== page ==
Akane doesn’t believe the law protects the people so much as the people protect the law. The law in the culmination of mankind’s amassed hopes and dreams for a better world to live in; without that collective input, the law—and society—cannot exist. When the will of the people is usurped by a system like Sybil, the momentum of human progress towards that ideal goal is arrested.
I said all Akane cared about was saving Kogami’s soul, but once it became clear after a heartbreaking sequence of events that she wasn’t going to be successful, I realized I was wrong about her becoming lost if she did fail, or that her desire to save Kogami was selfish. To her, no matter how vicious Makishima’s crimes were, on-the-spot execution is a crime, and she does everything in her power to prevent that crime. She just came up a bit short.
She wasn’t being selfish; she was being patient. She doesn’t like Sybil anymore than Kogami or Makishima, but she knows society as it is can’t live without it; not yet. So she’ll continue being one of their ideal poster girls. She does exactly what she’s done every time something horrible has happened in her life, whether it was her first traumatic experience as an inspector, losing Yuki, or losing Kogami, twice: she moves forward.
Sybil is disappointed that Akane couldn’t deliver Makishima to them, but that doesn’t mean they cut her loose. They “lower her ratings” a bit, but they’re sitll all outstandingly high. They want to someday reveal themselves to the world as they did to Akane, and when that happens, they want the people to accept them and be happy about it, and they think Akane and people like her will help pave the way to that. Faced with that grotesque hubris, sucking up her pride is actually quite selfless on Akane’s part.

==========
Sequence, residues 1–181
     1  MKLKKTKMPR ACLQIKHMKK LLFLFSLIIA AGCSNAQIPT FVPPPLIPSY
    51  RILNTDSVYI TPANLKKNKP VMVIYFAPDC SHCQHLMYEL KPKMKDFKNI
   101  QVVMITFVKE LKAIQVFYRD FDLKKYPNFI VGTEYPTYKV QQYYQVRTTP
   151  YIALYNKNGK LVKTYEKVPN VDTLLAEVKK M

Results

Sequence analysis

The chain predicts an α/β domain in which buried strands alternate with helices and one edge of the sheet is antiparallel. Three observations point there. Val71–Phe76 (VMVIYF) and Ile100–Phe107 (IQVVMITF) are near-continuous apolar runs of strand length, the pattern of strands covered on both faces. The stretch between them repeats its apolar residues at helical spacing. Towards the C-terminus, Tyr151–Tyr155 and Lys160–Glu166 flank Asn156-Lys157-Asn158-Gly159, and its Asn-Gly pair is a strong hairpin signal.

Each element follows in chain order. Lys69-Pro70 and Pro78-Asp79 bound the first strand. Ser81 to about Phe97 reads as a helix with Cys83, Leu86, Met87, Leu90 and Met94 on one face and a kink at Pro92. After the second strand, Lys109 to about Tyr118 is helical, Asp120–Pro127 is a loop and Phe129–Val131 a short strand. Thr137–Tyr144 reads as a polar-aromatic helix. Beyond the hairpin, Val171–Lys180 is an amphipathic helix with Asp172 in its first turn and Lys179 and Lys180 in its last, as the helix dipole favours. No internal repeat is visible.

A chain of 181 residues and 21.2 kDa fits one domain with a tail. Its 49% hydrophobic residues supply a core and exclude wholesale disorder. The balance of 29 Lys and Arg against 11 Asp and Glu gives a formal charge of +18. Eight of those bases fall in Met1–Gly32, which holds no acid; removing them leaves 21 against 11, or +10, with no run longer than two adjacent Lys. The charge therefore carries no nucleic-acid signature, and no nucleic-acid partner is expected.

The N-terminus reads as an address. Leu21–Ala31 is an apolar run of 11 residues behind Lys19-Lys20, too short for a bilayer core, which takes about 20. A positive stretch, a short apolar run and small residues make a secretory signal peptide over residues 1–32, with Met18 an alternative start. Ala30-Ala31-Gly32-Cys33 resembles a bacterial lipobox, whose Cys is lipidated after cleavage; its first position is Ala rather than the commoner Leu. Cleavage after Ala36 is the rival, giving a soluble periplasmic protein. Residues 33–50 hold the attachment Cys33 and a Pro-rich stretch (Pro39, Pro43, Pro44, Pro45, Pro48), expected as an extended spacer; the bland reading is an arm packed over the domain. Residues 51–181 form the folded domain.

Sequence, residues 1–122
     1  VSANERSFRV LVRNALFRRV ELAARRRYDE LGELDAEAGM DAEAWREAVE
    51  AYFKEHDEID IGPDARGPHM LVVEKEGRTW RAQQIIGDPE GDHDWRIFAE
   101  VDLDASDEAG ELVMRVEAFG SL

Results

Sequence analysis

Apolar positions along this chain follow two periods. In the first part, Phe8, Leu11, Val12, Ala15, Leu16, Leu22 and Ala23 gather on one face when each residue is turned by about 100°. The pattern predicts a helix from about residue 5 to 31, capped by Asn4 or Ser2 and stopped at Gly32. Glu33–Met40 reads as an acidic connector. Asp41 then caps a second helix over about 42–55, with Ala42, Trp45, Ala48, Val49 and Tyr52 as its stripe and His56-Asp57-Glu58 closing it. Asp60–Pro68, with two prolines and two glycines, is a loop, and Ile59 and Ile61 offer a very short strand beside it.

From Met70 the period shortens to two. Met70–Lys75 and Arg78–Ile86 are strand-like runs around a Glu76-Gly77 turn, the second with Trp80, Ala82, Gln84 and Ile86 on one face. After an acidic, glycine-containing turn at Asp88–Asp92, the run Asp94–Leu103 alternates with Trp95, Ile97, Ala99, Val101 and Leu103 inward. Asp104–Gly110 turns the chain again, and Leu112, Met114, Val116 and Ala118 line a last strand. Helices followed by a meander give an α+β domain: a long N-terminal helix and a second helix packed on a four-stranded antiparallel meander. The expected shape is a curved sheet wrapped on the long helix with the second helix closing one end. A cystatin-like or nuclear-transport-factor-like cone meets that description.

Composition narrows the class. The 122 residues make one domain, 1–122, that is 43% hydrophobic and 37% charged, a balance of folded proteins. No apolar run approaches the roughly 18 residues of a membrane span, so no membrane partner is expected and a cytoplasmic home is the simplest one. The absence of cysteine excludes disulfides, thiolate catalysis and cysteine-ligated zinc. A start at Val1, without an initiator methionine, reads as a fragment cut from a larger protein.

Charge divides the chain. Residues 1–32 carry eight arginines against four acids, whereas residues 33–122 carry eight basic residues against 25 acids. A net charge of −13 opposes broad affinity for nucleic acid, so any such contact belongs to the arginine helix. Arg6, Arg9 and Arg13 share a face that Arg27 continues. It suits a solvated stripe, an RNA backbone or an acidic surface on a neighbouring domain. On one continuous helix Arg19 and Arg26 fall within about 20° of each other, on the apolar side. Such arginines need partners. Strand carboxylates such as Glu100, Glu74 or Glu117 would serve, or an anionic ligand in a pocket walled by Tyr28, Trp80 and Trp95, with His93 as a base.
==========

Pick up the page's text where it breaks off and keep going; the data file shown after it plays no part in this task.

Two months pass, and we’ve got some changes, all of which do a decent job of setting up the second season that arrived a couple days ago. That’s right, because of the timing of my watching of Psycho-Pass, I will not have to endure a two-plus year wait, but will jump right back into it. Ginoza is now an enforcer, Shion and Yayoi still seem to be having pretty okay sex, and Akane is now in charge of the division.
Perhaps most awesomely, the show ends on a note that may not bode well for Akane’s chances of exacting the change she wants, rather than the “evolution” Sybil seeks. That’s because the show ends just like it began: with a young and eager rookie inspector arriving on a tense crime scene, and the more seasoned inspector telling her they afford to go easy on them. Only this time Akane is the seasoned one and Shimotsuki Mika is the even younger rookie in question. That’s some fantastic symmetry there.
It may intrest you to know that even though we only saw her for a brief moment, I found myself identifying more with Mika, as I did with Akane when she was new. Considering how long this show has been around, I kind of feel like the second line that Mika represents, who can only repeat the deeds or mistakes of her forbears. Similarly, most of what I’ve prattled on about in these twenty-odd reviews may have already been said before in different forms, but better to have stumbled on this great piece of quasi-Utopian fiction late than never. Thanks for bearing with me. On to Psycho-Pass 2.